A new county-wide, quarter-cent sales tax would be a shot in the arm for Comanche County’s smaller communities and have a huge impact on the county’s volunteer fire departments.
But it also would take the City of Lawton’s sales tax rate to one of the highest in the state.
Eddie Dabney made the pitch for a new sales tax to members of the Comanche County Industrial Development Authority (CCIDA) last week, outlining a concept he has argued for more than a decade. Revenues from that quarter-cent tax would benefit three groups: rural fire departments, which would receive 20 percent of the revenue; CCIDA, which would receive 40 percent; and the county’s nine small towns, which would receive 40 percent.
It’s an idea that is intriguing to CCIDA. Members have mixed feelings as they balance the effects of a higher total tax against the dramatic loss of revenue the entity suffered when its share of the existing county sales tax was cut in 2021 when voters approved a new sales tax. Chairman Paul Ellwanger said CCIDA lost about 80 percent of its funding, going from $800,000 a year to about $180,000 a year.
“We fund economic development,” Ellwanger said of CCIDA’s role in bringing new jobs to Comanche County while also supporting those already here. “We’ve never declined a request from a municipal or county entity in the 20 years I’ve been involved with it.
“We have challenges now.”
Dabney, noting he is making the proposal as a citizen of Comanche County rather than a bank executive, said the idea is to improve small towns by giving them money to grow while also helping those who own property in rural areas by increasing the abilities of volunteer fire departments. His proposal is centered around the revenues produced by the new quarter-cent tax (categories funded by the existing tax remain the same). After analyzing the sales tax revenue generated by the existing county sales tax in 2022, Dabney estimated the new quarter-cent tax would generate an average of $329,023.87 per month.
Dabney said the revenue increase for volunteer firefighters is important because it would allow those departments to grow and upgrade equipment. That, in turn, provides better fire protection and improves ISO ratings. Better ISO ratings mean lower insurance rates for those who own structures outside Lawton. While Lawton has a Class 1 rating (the highest), everyone else in the county has a lower rating, meaning they pay higher premiums.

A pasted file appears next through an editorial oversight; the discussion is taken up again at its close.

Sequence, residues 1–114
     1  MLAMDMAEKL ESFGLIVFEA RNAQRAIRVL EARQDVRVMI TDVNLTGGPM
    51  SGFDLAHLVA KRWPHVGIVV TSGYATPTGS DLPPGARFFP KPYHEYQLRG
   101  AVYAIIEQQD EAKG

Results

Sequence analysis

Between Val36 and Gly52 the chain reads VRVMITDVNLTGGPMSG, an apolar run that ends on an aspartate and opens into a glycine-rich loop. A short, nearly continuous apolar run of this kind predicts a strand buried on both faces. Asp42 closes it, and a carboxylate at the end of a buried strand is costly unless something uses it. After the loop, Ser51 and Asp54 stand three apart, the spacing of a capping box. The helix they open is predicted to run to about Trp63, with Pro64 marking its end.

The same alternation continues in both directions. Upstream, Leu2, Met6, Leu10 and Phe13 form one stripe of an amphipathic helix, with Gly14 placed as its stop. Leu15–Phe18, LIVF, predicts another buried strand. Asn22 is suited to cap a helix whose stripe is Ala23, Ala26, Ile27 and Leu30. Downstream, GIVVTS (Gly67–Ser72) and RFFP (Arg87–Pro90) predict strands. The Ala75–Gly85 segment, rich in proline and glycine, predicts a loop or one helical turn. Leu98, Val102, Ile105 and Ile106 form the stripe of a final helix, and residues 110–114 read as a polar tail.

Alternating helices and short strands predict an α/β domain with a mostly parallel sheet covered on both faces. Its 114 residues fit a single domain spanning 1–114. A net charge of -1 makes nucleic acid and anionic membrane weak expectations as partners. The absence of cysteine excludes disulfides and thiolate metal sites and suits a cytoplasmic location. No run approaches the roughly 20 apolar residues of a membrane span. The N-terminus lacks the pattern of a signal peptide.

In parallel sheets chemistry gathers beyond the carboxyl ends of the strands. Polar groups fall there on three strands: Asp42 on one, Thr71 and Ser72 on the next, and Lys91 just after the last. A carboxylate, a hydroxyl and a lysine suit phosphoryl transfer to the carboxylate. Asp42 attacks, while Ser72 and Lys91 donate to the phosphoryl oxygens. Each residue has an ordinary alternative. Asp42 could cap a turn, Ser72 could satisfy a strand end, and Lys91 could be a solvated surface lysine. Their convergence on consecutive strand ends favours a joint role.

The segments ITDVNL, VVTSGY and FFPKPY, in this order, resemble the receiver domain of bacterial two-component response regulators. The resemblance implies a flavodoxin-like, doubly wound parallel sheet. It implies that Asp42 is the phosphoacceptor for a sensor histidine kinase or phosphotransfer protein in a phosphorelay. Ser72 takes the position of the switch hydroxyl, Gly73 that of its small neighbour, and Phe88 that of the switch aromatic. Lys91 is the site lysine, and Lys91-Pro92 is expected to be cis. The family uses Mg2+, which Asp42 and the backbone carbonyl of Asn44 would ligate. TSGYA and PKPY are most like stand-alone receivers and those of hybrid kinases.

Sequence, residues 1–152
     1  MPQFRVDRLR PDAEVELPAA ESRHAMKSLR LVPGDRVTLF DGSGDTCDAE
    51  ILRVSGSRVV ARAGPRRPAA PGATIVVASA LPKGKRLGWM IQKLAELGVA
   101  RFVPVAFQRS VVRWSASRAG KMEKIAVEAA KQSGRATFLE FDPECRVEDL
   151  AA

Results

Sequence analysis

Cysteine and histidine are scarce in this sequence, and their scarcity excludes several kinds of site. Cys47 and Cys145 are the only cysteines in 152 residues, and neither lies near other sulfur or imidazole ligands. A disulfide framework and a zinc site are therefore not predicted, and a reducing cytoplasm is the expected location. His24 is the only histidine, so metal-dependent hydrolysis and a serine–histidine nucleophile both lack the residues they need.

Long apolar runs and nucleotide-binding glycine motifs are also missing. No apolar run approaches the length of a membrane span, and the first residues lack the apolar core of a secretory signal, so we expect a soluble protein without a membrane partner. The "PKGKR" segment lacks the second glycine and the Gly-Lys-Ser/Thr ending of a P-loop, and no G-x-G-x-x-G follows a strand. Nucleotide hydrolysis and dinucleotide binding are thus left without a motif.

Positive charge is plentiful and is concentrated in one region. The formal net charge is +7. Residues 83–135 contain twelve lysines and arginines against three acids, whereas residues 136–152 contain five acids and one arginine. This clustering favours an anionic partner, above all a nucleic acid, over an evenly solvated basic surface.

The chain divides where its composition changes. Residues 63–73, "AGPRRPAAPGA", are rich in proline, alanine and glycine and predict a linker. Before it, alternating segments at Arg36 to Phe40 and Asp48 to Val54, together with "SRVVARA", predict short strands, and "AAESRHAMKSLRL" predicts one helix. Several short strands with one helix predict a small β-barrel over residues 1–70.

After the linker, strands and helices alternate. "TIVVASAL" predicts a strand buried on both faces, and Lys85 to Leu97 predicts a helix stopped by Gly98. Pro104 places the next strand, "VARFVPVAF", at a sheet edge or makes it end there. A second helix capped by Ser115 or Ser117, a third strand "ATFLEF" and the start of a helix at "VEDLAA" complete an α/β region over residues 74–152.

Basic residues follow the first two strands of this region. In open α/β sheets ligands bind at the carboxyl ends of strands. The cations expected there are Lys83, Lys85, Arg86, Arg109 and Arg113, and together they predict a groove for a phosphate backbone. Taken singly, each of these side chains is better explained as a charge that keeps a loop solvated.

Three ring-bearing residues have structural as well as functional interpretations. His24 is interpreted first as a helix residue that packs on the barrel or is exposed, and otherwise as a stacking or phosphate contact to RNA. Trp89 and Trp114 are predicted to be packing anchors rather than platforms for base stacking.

Allocating 40 percent of the new revenue to Cache, Chattanooga, Elgin, Faxon, Fletcher, Geronimo, Indiahoma, Medicine Park and Sterling would boost spending in those communities. Dabney said revenues would be spent on “what those communities feel is best.” The CCIDA proposal would restore a revenue stream to an entity created specifically to grow jobs, he said.
“You can’t do that any more,” Dabney said, explaining CCIDA’s loss is hampering its work. “You will have money to work with.”
“Again,” said CCIDA member Karol Haney.
“Again,” Dabney agreed.
CCIDA members noted the potential effect of the tax on volunteer fire departments and communities at large. Tami Morefield, vice president of All America Bank in Cache, said that is important for Cache.
“We are as low as we can get,” she said of Cache’s Class 3 rating, adding Cache can’t move to Class 2 without adding three or four full-time firefighters. “We don’t have the funding at this time.”
Dabney said Cache would, with what he estimated would be $35,534.58 more each month from the new tax. Dabney also said the new revenue would help more rural areas by giving them a revenue stream to stimulate economic growth.
“The entire county wants to grow,” he said.
That’s important, said Haney, explaining that as someone involved in economic development and education, she has been asked what other communities can do to reverse their decline. She said some towns are dying because they have no revenue, at a time when some families are looking to smaller school districts because they don’t their children in large schools.
“Cache Public Schools has a great reputation, but some people want to transfer to smaller schools,” Haney said of the potential for smaller towns to grow as families move their children into smaller school settings.
Authority members acknowledge the benefits of the new revenue stream, but are concerned about how a higher tax rate would be received.
“Any time you talk increases in taxes is emotional,” said Ellwanger, adding that at a total of 9 percent, Lawton’s sales tax rate already is one of the highest in the state. Adding a quarter cent would make that difference even more dramatic.
Authority members also remain angry about the change in allocation approved in 2021, which they said was changed at the last minute without their input. That’s why CCIDA member Fred Fitch said authority members will be involved in this process.
“I’m firm about this: we are involved in every step,” Fitch said, adding members don’t want the funding allocation “changed at the last minute when it goes to a vote of the people.”
Members recommended Dabney go to rural communities and explain what the tax means, something Dabney already plans to do. He also has spoken to county commissioners. District 1 Commissioner John O’Brien and District 3 Commissioner Josh Powers attended Thursday’s CCIDA meeting, but did not make any comments on what Powers said was the advice of their attorney.
Dabney said the strength of his proposal is that funding goes to smaller communities, while Morefield said data shows those communities will support the tax if they realize a benefit.
“This is the only way some money goes back,” Dabney said. “It’s their decision what to do with their money.”
CCIDA member George Moses said he has concerns beyond the higher tax rate, in light of what he believes will happen to the national economy.
“Man, we’d better be careful,” he said.